Likelihood of even fewer days at sea spurs call for management by regions
Even in a fishery where bad news has long been the norm, Maine's surviving groundfish crews and dealers are dreading the outcome of this summer's New England Fishery Management Council deliberations. Some say the potential for still more days-at-sea reductions, up to a one-third loss over the next two years, may push the last boats out of Maine.
"Vessel attrition to Massachusetts increased three- or fourfold from 2004 to 2005," says Hank Soule, the Portland Fish Exchange's general manager. "We've lost most of our big boats. Five years ago, we handled [fish from] around 250 boats. There are a little fewer than 100 today."
A tuna fisherman's life
If selling your product on the New York market for 2 cents a pound is giving it away, what do you call it when you're told you just spent 5 cents a pound trucking it there?
You call it fishing, and on the East Coast, that was the bluefin tuna fishery through the 1960s and into the 1970s.
Pack ice strands harp seal fleet off Newfoundland
By Alison Dyer
After days of blasting northeasterlies over the region, followed by some weak southwesterlies, the night of May 1 was still. A fog settled down over the compacted Arctic ice field. Skipper Dean Patey, his brother Dave and remaining crewman Sheldon Richards were settling in for another uneasy night aboard Patey's Venture, a 35-foot boat stuck in the North Atlantic's icy grip.
Properly installed heaters keep you warm, dry and safe
Based on U.S. Coast Guard reports
A skipper and two crewmen were groundfishing off of Massachusetts, on a 24-year-old wooden plank-on-frame boat with a fiberglass reinforced plastic outer hull. The skipper and his crew were making day trips to a fishing area five to 10 miles offshore.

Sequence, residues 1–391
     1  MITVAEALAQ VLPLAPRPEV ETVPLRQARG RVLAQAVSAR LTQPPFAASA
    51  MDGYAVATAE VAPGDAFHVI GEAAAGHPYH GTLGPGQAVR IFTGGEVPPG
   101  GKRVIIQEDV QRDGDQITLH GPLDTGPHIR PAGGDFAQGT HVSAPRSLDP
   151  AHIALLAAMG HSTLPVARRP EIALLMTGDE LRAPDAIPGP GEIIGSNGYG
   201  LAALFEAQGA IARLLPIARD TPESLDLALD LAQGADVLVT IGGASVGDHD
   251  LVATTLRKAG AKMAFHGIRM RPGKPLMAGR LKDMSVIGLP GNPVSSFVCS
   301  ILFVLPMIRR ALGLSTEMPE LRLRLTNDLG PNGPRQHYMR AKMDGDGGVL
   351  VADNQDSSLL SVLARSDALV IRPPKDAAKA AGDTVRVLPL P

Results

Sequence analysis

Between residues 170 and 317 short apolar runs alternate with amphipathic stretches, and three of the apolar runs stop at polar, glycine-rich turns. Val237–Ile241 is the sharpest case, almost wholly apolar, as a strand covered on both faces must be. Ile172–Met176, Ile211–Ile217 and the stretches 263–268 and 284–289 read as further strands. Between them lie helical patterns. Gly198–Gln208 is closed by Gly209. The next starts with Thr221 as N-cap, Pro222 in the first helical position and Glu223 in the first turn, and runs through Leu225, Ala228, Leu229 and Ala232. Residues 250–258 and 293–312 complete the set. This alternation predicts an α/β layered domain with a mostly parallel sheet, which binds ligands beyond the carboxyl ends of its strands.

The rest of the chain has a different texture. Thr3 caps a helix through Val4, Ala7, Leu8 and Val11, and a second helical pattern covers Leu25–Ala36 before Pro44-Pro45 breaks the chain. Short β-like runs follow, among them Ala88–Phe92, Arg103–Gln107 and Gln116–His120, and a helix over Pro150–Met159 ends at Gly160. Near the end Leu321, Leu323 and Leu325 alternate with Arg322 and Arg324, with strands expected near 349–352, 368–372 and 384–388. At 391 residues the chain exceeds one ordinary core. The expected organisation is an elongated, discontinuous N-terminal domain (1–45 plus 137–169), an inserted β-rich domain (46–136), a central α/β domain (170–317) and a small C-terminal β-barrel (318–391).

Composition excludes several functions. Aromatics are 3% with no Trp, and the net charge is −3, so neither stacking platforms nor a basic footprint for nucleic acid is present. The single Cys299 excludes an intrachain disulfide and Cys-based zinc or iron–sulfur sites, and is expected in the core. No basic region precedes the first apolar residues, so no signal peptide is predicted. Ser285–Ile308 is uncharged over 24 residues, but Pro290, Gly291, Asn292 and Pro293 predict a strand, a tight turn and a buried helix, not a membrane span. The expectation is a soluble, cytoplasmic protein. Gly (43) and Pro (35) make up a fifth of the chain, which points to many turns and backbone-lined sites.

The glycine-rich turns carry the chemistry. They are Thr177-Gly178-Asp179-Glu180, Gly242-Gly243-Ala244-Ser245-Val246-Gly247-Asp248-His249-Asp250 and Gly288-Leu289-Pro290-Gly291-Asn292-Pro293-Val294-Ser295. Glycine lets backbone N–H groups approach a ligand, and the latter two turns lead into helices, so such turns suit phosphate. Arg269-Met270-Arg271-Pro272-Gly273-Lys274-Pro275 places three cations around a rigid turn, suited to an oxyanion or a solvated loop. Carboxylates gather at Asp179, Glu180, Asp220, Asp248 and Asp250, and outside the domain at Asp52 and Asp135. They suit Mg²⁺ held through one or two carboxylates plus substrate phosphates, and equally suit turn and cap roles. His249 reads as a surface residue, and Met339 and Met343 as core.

Dory schooner gets $3m rebuild; wooden lobster boat may race
America — unlike countries such as England, Norway and France — has a miserable record when it comes to preserving the historical craft used in its fisheries. You can't bring back what has been lost, but you can preserve what you still have.
National Fisherman Live: 2/26/15
In this episode, National Fisherman's Online Editor Leslie Taylor speaks with Rick Constantine, vice president of marketing, Acme United Corporation, about Cuda corrosion resistant knives.
National Fisherman Live: 2/24/15
In this episode:
March date set for disaster aid dispersal
Oregon LNG project could disrupt fishing
NOAA tweaks gear marking requirement
N.C. launches first commercial/recreational dock
Spiny lobster traps limits not well received
Today Sen. Lisa Murkowski (R-AK) introduced legislation to extend a permanent exemption for incidental runoff from small commercial fishing boats.
The National Working Waterfront Network is now accepting abstracts and session proposals for the next National Working Waterfronts & Waterways Symposium, taking place Nov. 16-19 in Tampa, Fla. The deadline is Tax Day, April 15.Read more...